GAKUSHUIN MUST RESTORE RESPECT FOR MEMBERS OF IMPERIAL FAMILY
Japan’s era name will officially change from “Heisei” to “Reiwa” on May 1 as the new emperor ascends the Chrysantrhemum Throne. What kind of an era are the new emperor and empress hoping to help create, and what type of an imperial couple do they wish to be?
While pondering these questions, I came across a book published nearly two decades ago, entitled Education of Prince Hironomiya by Motohide Osakabe (Asuka-Shinsha, Tokyo; 2001). (Crown Prince Naruhito, who will ascend to the throne on May 1, was called by this title when young.) A friend told me it was a must read in order to understand what type of education Naruhito received as a young student to prepare for his future reign at Gakushuin (Peer’s School) in Tokyo.
Academic credentials from Gakushuin aren’t enough for members of the imperial family, especially for the crown prince foreordained to succeed the throne. The pertinent point to ponder is whether he has acquired the essential mental preparedness as a future emperor through specific studies required for him. I read the book to learn whether the young prince received the education required of a man of his position, and what type of a place of learning Gakushuin was for him.
Teaching at Gakushuin High School for 23 years until 1997, Osakabe (1932-2016) served as the teacher in charge of Naruhito’s class 1976-79.
In the book’s introduction the author relates a revealing anecdote about the directory of the school’s parents’ association, citing a conversation he had with a thirty year old alumnus of the high school.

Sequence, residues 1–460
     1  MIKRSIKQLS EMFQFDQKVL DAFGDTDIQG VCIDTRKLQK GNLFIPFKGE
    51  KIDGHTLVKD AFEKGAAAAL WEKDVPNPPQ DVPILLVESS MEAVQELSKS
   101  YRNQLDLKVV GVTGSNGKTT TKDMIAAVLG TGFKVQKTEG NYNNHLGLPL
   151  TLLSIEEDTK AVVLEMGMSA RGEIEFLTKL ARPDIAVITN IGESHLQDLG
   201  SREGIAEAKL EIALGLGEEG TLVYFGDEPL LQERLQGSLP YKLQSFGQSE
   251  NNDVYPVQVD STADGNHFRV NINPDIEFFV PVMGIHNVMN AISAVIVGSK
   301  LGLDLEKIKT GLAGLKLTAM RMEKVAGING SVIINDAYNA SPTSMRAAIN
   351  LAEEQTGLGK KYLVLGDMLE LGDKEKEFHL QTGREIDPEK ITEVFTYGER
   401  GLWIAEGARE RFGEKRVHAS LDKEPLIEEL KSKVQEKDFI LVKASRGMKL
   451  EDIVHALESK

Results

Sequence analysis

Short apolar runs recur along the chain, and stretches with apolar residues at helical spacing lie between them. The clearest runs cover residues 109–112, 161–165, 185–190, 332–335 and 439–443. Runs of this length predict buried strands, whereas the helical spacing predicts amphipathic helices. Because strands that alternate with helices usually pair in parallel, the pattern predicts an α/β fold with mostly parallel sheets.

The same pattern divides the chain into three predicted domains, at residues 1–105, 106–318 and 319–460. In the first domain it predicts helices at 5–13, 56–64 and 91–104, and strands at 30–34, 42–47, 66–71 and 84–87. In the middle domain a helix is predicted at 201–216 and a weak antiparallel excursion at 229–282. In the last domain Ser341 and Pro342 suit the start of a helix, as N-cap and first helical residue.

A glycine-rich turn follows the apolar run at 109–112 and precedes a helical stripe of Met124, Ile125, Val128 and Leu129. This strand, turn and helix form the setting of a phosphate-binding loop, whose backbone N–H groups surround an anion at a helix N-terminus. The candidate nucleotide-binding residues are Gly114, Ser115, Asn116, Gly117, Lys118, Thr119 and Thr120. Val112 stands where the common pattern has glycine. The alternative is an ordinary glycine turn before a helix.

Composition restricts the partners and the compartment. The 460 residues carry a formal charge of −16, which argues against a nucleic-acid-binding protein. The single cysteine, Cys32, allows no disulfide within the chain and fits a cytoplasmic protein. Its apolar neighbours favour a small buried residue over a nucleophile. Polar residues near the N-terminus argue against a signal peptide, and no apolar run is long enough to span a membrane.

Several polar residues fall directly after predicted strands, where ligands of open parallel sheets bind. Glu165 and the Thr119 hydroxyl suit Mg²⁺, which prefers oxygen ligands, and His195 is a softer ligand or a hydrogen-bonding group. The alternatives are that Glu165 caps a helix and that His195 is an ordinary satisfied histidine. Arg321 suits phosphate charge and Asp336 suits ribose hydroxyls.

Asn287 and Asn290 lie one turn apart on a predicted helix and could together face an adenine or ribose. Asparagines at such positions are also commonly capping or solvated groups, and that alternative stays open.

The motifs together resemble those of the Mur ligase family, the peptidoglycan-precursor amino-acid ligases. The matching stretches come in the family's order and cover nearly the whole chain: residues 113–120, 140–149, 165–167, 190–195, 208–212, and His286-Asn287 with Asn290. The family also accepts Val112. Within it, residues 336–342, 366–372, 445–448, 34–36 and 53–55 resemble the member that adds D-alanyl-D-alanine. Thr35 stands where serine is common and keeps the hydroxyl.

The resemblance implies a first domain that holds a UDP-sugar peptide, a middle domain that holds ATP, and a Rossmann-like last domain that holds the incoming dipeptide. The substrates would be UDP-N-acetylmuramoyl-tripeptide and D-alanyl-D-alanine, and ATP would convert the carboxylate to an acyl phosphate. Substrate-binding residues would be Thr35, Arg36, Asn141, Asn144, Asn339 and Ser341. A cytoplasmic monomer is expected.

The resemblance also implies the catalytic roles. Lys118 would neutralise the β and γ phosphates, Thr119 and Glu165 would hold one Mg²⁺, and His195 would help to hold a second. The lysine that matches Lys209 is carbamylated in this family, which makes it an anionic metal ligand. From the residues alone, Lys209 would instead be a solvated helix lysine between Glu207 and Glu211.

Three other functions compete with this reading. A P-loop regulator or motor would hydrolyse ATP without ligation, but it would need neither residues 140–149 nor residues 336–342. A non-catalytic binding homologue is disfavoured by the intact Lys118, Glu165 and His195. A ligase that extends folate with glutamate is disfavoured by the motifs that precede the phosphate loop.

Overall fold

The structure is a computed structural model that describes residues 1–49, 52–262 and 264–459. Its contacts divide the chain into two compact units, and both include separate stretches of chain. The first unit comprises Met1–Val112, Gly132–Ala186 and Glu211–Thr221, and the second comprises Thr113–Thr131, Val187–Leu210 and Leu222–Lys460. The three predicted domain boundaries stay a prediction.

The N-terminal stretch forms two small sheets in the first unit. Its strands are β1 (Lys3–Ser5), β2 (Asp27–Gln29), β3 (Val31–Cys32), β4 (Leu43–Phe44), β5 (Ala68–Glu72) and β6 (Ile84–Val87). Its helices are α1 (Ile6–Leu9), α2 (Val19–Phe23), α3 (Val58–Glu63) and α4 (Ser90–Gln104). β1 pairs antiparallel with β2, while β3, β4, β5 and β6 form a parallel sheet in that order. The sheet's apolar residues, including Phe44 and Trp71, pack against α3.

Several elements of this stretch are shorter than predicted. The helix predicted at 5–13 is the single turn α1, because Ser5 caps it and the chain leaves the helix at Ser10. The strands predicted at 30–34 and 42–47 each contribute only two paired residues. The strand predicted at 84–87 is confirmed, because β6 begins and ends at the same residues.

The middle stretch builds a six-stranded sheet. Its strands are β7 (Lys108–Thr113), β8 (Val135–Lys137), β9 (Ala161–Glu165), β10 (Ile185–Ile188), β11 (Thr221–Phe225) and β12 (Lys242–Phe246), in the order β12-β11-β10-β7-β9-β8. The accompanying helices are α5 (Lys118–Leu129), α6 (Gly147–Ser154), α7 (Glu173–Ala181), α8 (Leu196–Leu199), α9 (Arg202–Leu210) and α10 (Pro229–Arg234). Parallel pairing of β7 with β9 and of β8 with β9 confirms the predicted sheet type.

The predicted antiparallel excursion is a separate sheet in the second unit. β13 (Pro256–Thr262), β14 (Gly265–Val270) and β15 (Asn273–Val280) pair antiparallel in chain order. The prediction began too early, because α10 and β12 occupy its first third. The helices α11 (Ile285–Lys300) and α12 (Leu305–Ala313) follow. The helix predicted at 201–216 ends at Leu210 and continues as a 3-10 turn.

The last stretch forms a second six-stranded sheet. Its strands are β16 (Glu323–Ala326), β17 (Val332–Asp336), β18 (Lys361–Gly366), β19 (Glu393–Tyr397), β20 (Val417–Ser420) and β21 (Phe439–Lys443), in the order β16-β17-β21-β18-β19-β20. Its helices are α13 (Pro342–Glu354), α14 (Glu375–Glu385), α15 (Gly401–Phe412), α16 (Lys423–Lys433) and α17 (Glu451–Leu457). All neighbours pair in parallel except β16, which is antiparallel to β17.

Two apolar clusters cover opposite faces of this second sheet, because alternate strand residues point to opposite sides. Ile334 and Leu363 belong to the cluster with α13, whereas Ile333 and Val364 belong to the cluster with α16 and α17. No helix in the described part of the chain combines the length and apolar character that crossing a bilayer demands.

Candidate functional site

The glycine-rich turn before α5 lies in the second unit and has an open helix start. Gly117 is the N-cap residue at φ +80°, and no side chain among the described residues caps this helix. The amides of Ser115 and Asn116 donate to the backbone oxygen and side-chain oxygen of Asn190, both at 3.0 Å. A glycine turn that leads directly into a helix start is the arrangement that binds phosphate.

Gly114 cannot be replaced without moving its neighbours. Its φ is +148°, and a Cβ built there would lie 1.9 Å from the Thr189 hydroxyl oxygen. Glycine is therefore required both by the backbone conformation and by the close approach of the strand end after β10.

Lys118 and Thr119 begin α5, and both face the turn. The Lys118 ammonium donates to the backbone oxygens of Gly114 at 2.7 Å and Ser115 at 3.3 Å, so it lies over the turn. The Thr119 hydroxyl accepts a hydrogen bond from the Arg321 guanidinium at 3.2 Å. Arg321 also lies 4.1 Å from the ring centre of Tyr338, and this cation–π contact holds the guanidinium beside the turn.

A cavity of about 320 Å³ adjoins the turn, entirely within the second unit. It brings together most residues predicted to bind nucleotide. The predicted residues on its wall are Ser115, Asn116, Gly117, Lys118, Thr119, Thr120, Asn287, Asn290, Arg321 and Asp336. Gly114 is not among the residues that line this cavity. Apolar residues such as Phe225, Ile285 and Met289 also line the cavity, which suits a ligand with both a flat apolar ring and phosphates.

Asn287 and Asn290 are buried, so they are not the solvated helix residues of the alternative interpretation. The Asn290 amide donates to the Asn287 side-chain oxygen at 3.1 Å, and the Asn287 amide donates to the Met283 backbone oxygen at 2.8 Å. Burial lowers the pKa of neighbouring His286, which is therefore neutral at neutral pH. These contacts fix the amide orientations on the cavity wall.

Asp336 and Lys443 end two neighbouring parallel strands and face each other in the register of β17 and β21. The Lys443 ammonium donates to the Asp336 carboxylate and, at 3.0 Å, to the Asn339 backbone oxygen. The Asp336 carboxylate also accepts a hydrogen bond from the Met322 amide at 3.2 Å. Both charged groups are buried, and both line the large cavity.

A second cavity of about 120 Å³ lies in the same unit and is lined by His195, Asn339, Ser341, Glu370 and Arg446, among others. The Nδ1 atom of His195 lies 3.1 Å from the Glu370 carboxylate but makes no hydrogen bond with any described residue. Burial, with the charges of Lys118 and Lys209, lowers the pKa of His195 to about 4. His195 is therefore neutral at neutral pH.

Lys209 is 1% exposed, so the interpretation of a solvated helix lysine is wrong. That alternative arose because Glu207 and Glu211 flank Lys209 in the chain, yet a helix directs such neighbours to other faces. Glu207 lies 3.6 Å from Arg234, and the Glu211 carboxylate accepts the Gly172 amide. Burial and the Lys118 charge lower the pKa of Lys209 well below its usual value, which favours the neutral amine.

“The alumunus asked me: ‘Does the first page of the current directory still list the names of members of the imperial family who are enrolled at this school? During my student days, some classmate tore off that page.’
‘It’s all the same,’ I replied. ‘Nothing has changed.’
He then asked disparagingly: ‘Does the directory still say ‘gozaigaku’ (a polite expression indicating that members of the imperial family are indeed enrolled)?’
‘Yes, indeed,’ I nodded helplessly.”
From the above exchange I sensed an attitude of disapproval and aversion towards the imperial family on the part of Osakabe and the alumnus.
Preoccupied with Soviet’s Position
Osakabe has this to say as regards club and homeroom activities at the high school:
“Classroom activities were constrained in obvious or not so obvious ways due to his (Crown Prince Naruhito’s) presence. This was never beneficial to the prince himself, or his classmates.”
Stress inevitably resulting from the fact that the prince’s classmates had to constantly share the same space and time with the future emperor could have certainly caused some constraints. But I believe that, while subjecting the teacher and the students to considerable stress, this situation should have been viewed positively as a rare opportunity in which to learn many things. But Osakabe continues:
“To put it simply, the constraints were attributable to the particular privileges Naruhito has as given prerogatives. I was beginning to become convinced that, while this peculiarity could work either for or against Naruhito himself, it worked against him more often than not.”
Members of the imperial family, from the emperor down, are entitled to certain prerogatives but do not have the right to demand that the entire nation take that for granted. They in turn do not have the freedom of job selection or political opinions. Is it then proper to judge their privileges as happily “given”? How can one arbitrarily determine the crown prince’s prerogatives as detrimental to “him as a person”? I seriously question this.
In Osakabe’s appraisal of the prince’s position, one discerns no earnest love of his pupil or any zeal to give his full attention to him as his teacher. Gakushuin High School pupils must engage in group swimming practices involving one to five kilometers of swimming per group at a stretch. Osakabe observes:
“I don’t remember how Prince Hironomiya fared as a swimmer that summer. This is largely because I had already ceased to be his homeroom teacher. But I presume that as swimming goes, he was perhaps neither that good nor that bad…just average.”
Another section of the book referring to a compilation of essays marking the graduation of Naruhito and his classmates from